In a preferred embodiment, an optional, additional shiny reflection means 28 can be utilized so as to optimize the attractant illumination created by the insect trap 5. In the first embodiment, the shiny reflection layer 28 preferably extends across the interior of the front wall 26 of the trap's housing 11, as shown in
The shiny reflection layer 28 can be made from metallic surfaces such as aluminum foil, metallized polyester bright-white reflected panels, silvered glass mirrors or other related reflective surfaces. The shiny reflection layer 28 may be positioned anywhere within the interior of the insect trap 5, such as along the interior of the side walls 25 and/or front wall 26, and/or along the planar surface 20. In addition, the shiny reflection layer 28 could be positioned on the bottom wall 29 of the housing 11. In the embodiment illustrated in
The shiny reflection layer may also be a separate surface that is installed within the insect trap at an angle other than the angle of the housing's wall. In other words, the front wall 26 of the housing 11 could be at any arbitrary angle with respect to other housing components as long as the shiny reflection layer's internal surface is positioned at the desired angle. This feature is illustrated in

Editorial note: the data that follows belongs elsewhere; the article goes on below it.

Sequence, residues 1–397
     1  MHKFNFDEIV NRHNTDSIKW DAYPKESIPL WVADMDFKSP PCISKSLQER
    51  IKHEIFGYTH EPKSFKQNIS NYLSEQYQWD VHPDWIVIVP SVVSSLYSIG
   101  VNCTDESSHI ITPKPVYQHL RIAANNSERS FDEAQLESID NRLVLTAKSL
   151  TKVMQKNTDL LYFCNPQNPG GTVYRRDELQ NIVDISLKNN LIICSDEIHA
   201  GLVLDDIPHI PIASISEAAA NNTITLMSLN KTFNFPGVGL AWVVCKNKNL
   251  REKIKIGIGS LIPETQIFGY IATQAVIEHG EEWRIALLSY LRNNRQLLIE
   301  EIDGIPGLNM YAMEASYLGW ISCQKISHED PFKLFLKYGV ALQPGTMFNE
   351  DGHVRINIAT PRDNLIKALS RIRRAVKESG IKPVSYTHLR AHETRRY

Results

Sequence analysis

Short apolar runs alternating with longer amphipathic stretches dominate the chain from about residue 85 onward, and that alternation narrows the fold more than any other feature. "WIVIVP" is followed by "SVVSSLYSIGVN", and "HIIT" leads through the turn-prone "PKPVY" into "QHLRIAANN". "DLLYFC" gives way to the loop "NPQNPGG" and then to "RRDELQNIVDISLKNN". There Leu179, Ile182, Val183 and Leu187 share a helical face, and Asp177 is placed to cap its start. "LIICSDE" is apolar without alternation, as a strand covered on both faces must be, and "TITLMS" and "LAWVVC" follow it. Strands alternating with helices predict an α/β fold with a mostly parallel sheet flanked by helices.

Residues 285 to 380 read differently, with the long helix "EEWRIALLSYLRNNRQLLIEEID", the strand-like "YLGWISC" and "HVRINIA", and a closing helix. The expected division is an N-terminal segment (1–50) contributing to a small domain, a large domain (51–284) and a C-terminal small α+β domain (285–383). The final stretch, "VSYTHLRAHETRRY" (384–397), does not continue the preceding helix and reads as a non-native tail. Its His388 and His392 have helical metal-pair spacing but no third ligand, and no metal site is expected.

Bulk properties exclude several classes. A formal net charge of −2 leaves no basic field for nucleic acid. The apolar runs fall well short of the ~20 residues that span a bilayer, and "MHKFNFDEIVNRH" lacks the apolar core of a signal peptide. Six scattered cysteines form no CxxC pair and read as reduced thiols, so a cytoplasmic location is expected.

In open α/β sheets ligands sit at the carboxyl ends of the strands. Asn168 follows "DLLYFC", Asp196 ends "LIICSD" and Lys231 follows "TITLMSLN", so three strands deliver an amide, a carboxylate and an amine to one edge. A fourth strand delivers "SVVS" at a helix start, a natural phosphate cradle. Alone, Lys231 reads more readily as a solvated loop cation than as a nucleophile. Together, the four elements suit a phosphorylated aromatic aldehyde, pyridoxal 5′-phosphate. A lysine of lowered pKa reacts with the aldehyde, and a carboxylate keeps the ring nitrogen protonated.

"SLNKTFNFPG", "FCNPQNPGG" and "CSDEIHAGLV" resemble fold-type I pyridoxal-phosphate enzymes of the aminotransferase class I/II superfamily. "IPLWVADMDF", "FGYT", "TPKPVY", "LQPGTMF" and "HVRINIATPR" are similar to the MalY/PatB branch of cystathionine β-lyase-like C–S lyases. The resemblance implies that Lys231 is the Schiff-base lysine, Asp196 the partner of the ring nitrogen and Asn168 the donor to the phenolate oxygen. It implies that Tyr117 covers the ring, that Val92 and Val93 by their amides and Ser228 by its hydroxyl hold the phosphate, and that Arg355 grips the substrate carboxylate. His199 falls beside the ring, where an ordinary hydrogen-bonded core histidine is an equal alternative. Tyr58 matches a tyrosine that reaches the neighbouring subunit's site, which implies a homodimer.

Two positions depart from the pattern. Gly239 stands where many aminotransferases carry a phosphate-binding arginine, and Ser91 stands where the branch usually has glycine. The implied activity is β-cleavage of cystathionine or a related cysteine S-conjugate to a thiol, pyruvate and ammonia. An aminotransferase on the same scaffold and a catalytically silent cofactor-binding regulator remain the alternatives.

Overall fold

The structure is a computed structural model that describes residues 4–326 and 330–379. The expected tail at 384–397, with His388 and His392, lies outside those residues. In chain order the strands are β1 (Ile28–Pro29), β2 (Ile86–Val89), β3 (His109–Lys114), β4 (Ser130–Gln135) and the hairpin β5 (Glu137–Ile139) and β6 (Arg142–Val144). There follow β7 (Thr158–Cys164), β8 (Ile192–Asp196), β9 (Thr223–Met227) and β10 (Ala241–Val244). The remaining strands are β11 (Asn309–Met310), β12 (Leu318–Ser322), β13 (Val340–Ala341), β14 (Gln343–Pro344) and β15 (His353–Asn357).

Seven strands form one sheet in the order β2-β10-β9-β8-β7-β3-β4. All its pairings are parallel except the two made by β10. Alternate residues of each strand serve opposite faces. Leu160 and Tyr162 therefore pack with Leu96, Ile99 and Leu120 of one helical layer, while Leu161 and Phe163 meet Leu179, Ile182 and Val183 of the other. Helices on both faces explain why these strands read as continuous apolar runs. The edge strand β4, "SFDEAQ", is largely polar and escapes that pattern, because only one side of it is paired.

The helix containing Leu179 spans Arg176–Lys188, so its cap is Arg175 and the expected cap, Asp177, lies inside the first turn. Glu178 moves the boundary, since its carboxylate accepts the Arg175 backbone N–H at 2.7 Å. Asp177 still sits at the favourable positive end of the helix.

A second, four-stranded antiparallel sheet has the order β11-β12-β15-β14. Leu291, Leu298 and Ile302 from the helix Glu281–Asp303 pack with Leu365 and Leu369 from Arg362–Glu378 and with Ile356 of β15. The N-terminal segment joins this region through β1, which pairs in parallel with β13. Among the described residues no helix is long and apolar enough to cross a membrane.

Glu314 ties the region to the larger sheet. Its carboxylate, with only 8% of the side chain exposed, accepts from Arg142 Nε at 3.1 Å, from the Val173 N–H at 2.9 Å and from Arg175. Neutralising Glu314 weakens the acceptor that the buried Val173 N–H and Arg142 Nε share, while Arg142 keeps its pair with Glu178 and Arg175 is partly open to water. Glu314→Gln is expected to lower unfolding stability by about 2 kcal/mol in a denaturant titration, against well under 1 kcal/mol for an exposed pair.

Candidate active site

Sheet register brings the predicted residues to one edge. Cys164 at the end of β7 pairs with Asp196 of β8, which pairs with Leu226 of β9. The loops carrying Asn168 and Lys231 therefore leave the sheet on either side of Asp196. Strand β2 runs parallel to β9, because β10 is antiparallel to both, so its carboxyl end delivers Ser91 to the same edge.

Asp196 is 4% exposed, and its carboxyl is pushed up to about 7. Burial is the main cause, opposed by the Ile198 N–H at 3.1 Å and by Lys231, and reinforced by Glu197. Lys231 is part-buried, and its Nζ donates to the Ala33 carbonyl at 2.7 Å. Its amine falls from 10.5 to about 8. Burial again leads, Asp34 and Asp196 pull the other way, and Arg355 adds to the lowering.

The color of the trap's housing 11 contrasts with the color of the adjacent vertical surface 20, so as to aid in increasing capture rates. In the preferred embodiment, the exterior walls of the housing 11 are a tan color or darker, and the surrounding wall 20 is white. Alternatively, the insect trap 5 could be a white color, with the adjacent wall 20 being a tan color or darker.
The trap's mounting means can be any suitable mechanical system that can support the weight of the trap 5 and that can maintain the upwardly open entryway 27. The trap 5 can be fixed in place using a variety of mounting hardware such as screws, bolts, nails, clips, flanges, etc., or can be temporarily placed in the proper position using Velcro fasteners, pressure sensitive adhesive pads, rubber feet, etc. As an example, the mounting means 10 illustrated in
In the preferred embodiment, the base surface 29 is a separate piece from the rest of the housing 11. The front and side walls 26, 25 form an integral shroud 27. The shroud 27 has rear edges 72 which rest against the wall 20 when the insect trap 5 is in operation. The base surface 29 is mounted to the wall 20 in a permanent horizontal position. The rest of the housing 11 is pivotally mounted upon the bracket 30, so that the shroud 27 can be moved upwardly into a position wherein the upper edges 71 of the housing 11 rest against the wall 20. In this position the interior components of the insect trap 5 are exposed. This facilitates replacement of the adhesive surface 12, and replacement of the light sources 16.
The reflecting surfaces of the insect trap 5 should have a certain preferred geometry. The housings in the prior art have reflecting surfaces which have some capacity for insect attractancy, but the prior art has primarily relied upon direct exposure to a light bulb to attract insects. We have found that direct exposure of the light is not necessary for insect attractancy, and that an improved geometry of the housing can substantially and surprisingly increase the attractancy of flying insect pests.